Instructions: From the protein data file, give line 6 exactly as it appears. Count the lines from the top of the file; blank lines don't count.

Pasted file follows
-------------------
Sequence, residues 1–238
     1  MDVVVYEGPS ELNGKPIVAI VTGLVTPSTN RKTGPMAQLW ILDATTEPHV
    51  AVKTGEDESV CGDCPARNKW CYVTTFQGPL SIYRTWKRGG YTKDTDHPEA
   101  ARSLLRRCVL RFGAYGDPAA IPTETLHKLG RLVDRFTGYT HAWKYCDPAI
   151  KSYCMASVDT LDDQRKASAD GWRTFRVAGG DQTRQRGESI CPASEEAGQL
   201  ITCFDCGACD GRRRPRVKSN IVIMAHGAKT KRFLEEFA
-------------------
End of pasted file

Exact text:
   201  ITCFDCGACD GRRRPRVKSN IVIMAHGAKT KRFLEEFA